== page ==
Subterranean homesick alien: ‘The Man Who Fell To Earth’

❉  We mark the 40th anniversary of  the cult classic, ‘The Man Who Fell To Earth’, re-released today on Blu-ray as a 4k restoration.

Without featuring a single note of Bowie’s own music, the film ‘The Man Who Fell To Earth’ is the best music video David Bowie ever made. Over its two hours and twenty minutes’ running time, you will learn more about Bowie’s artistic sensibility than from anything you may stumble across on MTV or VH1. It was through this film that I initially became a Bowiephile, helping me pull together the patchwork quilt of received impressions and half-listened-to albums that I had up to that point.

I first saw ‘The Man Who Fell To Earth’ late one Sunday night during the early 1990s on BBC2, which often showed cult films in its ‘Moviedrome’ slot. I can’t remember the exact circumstances, but I do know that I also saw Alan Yentob’s ‘Cracked Actor’ documentary around the same time, one leading me to watch the other. Indeed, both film and documentary act as their own yin and yang, fact informing fiction informing fact, as director Nic Roeg cast Bowie on the back of the documentary.

For those of you who have not seen the film, it is about a stranded alien who goes by the name Thomas Jerome Newton (Bowie). He sets about building his own technology company so he can get back to his family, who were left behind on a dying planet, but ends up being corrupted and defeated by modern capitalism in the process. More impressionistic than linear, it is how the film is furnished that provides its edge and angularity rather than the somewhat B-movie plot described above.

From the outset, the film makes Bowie its prime focus, often appropriating visual cues from Yentob’s documentary (blacked-out stretch limos taking a stranger from a strange land across an even more alien American landscape) and photographing him as a 1930s Hollywood starlet. Bowie’s own brand of alluring androgyny and raw sexuality is woven throughout, with male nudity (Bowie’s and others) unusually being the sexualised element just as much as the female nudity. In fact, the film’s relaxed and non-pointed take on sexuality must have been seen as refreshing and daring back in 1976 as it seemed to me back in the 1990s. If anything, forty years on from the film’s release, it is depressing that a major film would probably shy away from such an open, non-prurient take on these themes.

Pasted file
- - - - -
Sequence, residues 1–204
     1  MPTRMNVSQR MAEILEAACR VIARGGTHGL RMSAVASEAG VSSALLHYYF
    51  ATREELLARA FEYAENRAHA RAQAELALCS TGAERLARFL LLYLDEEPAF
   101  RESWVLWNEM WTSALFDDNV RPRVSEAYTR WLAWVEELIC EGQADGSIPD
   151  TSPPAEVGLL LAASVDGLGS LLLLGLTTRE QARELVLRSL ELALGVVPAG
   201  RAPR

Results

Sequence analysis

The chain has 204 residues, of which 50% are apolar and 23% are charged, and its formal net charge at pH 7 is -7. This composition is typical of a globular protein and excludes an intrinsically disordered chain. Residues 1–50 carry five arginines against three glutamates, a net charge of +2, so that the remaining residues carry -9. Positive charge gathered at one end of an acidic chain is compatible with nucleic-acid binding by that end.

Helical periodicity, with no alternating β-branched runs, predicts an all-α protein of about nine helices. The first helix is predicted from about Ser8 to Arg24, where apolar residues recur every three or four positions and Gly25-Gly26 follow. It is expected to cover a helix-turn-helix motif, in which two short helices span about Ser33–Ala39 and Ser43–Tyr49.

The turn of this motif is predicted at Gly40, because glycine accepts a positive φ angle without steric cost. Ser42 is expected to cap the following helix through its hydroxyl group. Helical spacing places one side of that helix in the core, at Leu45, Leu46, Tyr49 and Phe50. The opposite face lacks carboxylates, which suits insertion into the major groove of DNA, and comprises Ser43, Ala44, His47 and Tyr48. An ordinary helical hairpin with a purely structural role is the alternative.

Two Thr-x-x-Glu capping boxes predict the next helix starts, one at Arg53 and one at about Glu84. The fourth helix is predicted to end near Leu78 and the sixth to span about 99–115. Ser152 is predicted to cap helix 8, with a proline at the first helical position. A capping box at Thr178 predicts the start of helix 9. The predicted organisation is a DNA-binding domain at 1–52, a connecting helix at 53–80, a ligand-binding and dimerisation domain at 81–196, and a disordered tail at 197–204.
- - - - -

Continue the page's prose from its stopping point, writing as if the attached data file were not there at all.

But ‘The Man Who Fell To Earth’ is not about titillation; it is about innovation, exploration, space, sexuality and corruption, all of which are thematic threads running through Bowie’s musically diverse (stylistically) oeuvre. Indeed, Bowie’s career up to that point entirely informs ‘The Man Who Fell To Earth’, even opening up with a stranded space explorer in the same way that Bowie entered the public consciousness with the story of Major Tom in Space Oddity. Subsequently, ‘The Man Who Fell To Earth’ would be an important touchstone for Bowie, providing imagery for two album covers and even prompting the book of his musical Lazarus, a direct sequel of sorts.

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Upon watching ‘The Man Who Fell To Earth’, everything that I’d accrued about Bowie seemed to fall into place. The kaleidoscope had been shaken and an attractive picture came into focus, one that that had been lacking up to that point for me.